This is one of the articles I have moved over from my old website. It was first published in 2011.
I was going to call this post ‘Rivers of Vomit’ but Himself said there was far too much vomit in it, without putting it in the title.
Last weekend, my seventeen year old son walked eleven miles home from a party at 5:30 in the morning. Well actually it was 11.8 miles, he insisted we check on google maps, so that I could fully understand the extent of his pain.
For someone that normally sleeps until well after mid-day, and who had the beginnings of a hangover, this four hour trek was something of a feat. And the reason for his untimely escape from the all-night party? Rivers of vomit of course. He had been sharing a room with nine other lads, and six of them were vomiting. Not all of them in an appropriate receptacle.
“Why didn’t you phone me” says I (he knows I am usually up early)
“Smm…ph ..sw…..pool ” mutters he in a suspiciously evasive manner
“Excuse me?” says I
“ I got in the pool with my phone in my pocket” says he contritely. Images of teenagers, alcohol and deep water jostle for space in my head, and I beam with relief in the knowledge that he is not drowned.
Apparently, walking eleven miles, in damp swimming shorts, with a hangover, whilst worrying what your Mum will say when she finds out you have trashed your phone, can play havoc with a chap’s peace of mind.
He wanders off, his belief that I am in a precarious mental state further reinforced by my unexpected indifference to the plight of his electrical equipment.
It seems that nothing changes. I recall my parents kindly vacating our home on my eighteenth birthday so that I could celebrate in style with my friends. I seem to remember spending the entire evening torn between kissing my boyfriend’s best mate without being spotted, and racing from room to room to make sure no-one was showing the tell tale signs of an impending ‘chunder’. It was not a relaxing evening.
This is definitely not a new phenomen, whatever the newspapers would have you think. More than one student had to have their stomach pumped during my first year at university, and that was over thirty years ago.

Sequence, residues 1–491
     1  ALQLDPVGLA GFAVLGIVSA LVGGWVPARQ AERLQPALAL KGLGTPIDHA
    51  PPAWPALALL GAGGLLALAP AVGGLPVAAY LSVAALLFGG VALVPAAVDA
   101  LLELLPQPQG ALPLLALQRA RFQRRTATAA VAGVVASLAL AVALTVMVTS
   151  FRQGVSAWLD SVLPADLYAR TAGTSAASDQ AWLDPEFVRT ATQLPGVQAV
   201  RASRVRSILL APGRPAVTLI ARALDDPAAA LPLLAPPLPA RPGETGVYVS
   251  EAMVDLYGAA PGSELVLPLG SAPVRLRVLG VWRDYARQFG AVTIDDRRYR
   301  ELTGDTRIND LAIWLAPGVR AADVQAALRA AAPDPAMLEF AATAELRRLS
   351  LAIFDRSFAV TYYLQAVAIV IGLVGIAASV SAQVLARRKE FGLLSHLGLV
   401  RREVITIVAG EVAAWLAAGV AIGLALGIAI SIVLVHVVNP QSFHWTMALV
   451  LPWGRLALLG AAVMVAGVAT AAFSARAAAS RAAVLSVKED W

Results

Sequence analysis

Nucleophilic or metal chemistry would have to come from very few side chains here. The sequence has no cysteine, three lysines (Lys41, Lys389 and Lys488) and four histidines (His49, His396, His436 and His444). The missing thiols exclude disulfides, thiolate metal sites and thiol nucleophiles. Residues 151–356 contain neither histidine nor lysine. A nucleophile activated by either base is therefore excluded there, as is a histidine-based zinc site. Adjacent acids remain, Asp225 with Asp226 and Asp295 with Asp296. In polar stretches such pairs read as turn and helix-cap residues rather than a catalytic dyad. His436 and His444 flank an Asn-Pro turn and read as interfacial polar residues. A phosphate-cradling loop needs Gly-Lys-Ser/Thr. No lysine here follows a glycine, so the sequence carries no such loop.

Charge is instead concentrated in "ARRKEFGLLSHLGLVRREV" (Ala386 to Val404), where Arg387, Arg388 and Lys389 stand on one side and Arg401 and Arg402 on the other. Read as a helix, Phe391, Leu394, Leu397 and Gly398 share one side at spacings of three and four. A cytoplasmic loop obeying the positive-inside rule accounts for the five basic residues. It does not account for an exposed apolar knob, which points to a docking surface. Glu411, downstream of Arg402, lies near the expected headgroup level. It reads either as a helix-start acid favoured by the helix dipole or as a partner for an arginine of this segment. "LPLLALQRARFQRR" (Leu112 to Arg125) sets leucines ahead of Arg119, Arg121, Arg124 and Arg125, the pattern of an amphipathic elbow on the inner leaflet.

My elder son (against my advice I might add) took his precious ‘bowler hat’ (it’s a long story) to his first vomiting event. I don’t have to tell you that he didn’t come home with it, the ‘bowl’ part being the clue. My daughters had similar experiences in their teens, sometimes quite frightening ones with friends getting so drunk that they lost consciousness completely.
Between the ages of sixteen (probably younger these days) and twenty are prime years for lack of control in the presence of copious quantities of alcohol. And there is very little parents can do once teenagers are partying unsupervised except put the evil moment off as long as possible, drill their kids in the art of putting their friends in the recovery position, and hope that other parents have done the same.
You can however avoid your home being turned into vomit city. The solution is simple. Don’t let anyone under twenty have a party in your house.
Your damned right it is. But it’s your home. And it doesn’t matter how sensible they are, in every group of twenty teenagers there are at least two who throw up at every party. Without exception.
If you feel sorry for your offspring as a landmark birthday approaches and appeals for a party gather strength, then hire a hall. Alternatively, pay for them to go for a meal with their mates, send them off paintballing, beg permission for them to camp in a field. Whatever your wallet can stretch to.
But don’t let them have an unsupervised party in your home.
Fail to heed these words of warning and you could end up like my friend, who arrived home and opened her front door at twelve-thirty to find rivers of vomit running down her stairs.